Plantar fasciitis is a common foot injury caused by overuse. It occurs when the plantar fascia, the thick band of tissue that connects the heel to the toes, becomes inflamed. This inflammation results in pain on the bottom of the heel area. This foot pain can worsen over time and often feels most severe after resting or sitting. There are a variety of treatments available for plantar fasciitis that can help get you back on your feet again. How to treat plantar fasciitis

Common Causes and Signs of Plantar Fasciitis

Plantar fasciitis can be caused by a variety of factors. Those who run or have just started a running program are more at risk for developing this condition. It can also be caused by having a flat foot or high arches. You can also develop plantar fasciitis if you stand on your feet for long periods of time, are overweight, or wear shoes that have little or no support.

Plantar fasciitis often develops over time, and each person’s condition can vary. However, there are some common symptoms to watch for, including:  

  • Dull and/or stabbing pain in the heel
  • Increased pain following exercise (but not during exercise)
  • Pain in the arch of the foot
  • Pain when getting out of bed in the morning and after standing/sitting for long periods of time
  • Heel swelling
  • Foot pain that persists for many months
  • Tightness in your Achilles tendon

If you are experiencing pain in the heel of your foot or have symptoms of plantar fasciitis, consult an experienced podiatrist for a consultation. A podiatrist will document your medical history and perform an exam of your foot. Because diagnosing plantar fasciitis is a process of elimination, your doctor will ask you many questions and may order other tests to rule out problems such as a cyst, tendonitis, or arthritis.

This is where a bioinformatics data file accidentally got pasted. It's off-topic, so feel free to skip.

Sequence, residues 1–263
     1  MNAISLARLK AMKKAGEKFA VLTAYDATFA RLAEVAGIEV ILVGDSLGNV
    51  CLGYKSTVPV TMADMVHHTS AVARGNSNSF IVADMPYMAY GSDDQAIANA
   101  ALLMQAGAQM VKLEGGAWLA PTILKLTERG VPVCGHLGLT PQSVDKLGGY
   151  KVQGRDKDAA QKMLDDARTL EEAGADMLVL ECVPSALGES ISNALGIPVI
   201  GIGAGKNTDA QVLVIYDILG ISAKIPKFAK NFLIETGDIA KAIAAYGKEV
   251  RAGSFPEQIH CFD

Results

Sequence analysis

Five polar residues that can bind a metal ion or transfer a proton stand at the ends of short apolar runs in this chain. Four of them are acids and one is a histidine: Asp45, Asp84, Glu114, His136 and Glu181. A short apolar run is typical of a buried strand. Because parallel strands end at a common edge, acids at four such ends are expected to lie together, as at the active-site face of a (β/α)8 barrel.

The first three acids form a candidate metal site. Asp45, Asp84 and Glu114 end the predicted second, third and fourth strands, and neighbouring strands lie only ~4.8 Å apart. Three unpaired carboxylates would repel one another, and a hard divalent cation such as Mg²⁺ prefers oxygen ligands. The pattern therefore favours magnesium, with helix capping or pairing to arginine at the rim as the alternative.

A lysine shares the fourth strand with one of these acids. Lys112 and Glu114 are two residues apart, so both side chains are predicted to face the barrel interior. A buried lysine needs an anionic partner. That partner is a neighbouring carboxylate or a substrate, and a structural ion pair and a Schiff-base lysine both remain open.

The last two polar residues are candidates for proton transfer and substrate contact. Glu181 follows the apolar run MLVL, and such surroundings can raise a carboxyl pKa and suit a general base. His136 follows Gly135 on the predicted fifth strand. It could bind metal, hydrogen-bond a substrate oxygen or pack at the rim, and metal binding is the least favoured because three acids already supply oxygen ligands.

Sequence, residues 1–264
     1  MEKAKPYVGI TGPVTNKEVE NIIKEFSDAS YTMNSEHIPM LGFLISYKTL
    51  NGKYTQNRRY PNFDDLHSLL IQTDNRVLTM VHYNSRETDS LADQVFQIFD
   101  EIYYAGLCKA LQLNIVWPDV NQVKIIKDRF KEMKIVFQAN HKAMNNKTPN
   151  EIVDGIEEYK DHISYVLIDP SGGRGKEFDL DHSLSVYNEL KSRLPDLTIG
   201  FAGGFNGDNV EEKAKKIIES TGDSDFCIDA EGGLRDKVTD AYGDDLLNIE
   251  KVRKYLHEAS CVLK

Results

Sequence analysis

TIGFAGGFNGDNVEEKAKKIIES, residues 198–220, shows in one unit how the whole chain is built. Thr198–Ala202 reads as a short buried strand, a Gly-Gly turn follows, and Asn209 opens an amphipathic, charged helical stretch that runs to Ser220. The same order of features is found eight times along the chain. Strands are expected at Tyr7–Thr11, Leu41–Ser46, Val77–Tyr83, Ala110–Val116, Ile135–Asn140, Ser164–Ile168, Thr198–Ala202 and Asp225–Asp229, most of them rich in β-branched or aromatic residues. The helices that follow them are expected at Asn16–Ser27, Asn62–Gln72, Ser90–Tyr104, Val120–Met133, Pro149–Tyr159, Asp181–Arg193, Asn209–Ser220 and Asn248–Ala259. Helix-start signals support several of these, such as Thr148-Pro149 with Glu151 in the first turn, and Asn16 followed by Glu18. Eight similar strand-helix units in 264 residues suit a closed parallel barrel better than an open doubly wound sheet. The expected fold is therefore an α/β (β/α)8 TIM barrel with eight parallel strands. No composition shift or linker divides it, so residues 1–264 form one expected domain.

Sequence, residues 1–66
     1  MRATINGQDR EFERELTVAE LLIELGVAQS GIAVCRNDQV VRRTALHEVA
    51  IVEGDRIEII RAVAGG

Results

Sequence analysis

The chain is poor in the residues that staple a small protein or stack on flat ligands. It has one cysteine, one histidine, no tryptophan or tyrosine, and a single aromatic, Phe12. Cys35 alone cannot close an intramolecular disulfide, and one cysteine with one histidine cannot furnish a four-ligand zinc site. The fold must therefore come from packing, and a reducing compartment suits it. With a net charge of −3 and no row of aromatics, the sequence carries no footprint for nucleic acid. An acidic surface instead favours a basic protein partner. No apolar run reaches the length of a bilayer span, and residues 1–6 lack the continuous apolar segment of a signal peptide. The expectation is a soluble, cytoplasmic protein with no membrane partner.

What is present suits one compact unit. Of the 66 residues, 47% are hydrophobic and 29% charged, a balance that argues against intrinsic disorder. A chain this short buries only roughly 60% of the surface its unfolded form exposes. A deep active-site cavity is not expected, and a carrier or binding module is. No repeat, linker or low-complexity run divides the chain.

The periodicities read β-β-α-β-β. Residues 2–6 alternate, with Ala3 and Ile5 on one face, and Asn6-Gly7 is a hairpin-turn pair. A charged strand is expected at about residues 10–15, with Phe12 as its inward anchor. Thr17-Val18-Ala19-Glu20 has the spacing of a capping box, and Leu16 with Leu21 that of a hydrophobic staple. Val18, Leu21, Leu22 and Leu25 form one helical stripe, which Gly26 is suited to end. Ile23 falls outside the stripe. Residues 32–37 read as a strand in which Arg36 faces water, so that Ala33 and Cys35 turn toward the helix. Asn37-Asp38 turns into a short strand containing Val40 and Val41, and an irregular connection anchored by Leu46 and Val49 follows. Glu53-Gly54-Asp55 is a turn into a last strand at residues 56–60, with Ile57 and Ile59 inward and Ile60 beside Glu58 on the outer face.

Conservative Treatment Options

Conservative treatments for plantar fasciitis are typically recommended. Only the most severe cases or ones that reoccur require surgery. Conservative treatment options may include:

  • Rest. It is important to rest your foot in order to reduce inflammation. If you begin to experience pain in your feet, rest and do not apply weight to the affected foot.
  • Ice. Applying ice several times a day can help relieve pain and inflammation in the bottom of the foot.
  • Shoes. Wear shoes that are not only comfortable but provide support in the arch and have good cushioning. Discard any shoes that are worn out. 
  • Medication. A nonsteroidal anti-inflammatory drug (NSAID) can be used to relieve pain and inflammation.
  • Stretching exercises. Stretching the bottom of the foot, Achilles tendon, and calves can help ease pain and strengthen the muscles in the feet. It’s also helpful to stretch out and separate your toes.
  • Massage. You can massage the bottoms of your feet to provide relief from pain and to reduce tightness in the bottom of the feet. Use a simple massage technique by rolling your foot over a tennis or golf ball concentrating on any areas of tenderness or pain. Massage can be done any time of day and whenever you feel tightness in your foot.
  • Athletic tape. Athletic tape can be used to provide support to the foot muscles and ligaments and to help keep your feet in the proper position.
  • Custom orthotics. Custom orthotics can be worn inside the shoes to provide additional cushioning and support.
  • Night splint. A night splint can be worn to hold the foot in a flexed position while sleeping.
  • Steroid injection. A cortisone injection can be given to decrease inflammation in the heel.

Prevention Tips

There are several tips to consider that can help prevent plantar fasciitis. It is important to wear the proper footwear for whatever activity you take part in. Wear shoes that support your feet and cushion your heel. You can use an orthotic in your shoes for added support. In addition, always stretch your plantar fascia before running or doing any physical activity, and avoid running on areas that have hard surfaces.

Contact an Experienced Podiatrist

If you have heel pain from plantar fasciitis and have questions about treatment options, contact Capital Podiatry Associates for help. Contact our office today to request an appointment with one of our podiatrists. To book an appointment in our office or through telemedicine, call us, or fill out our online contact form.


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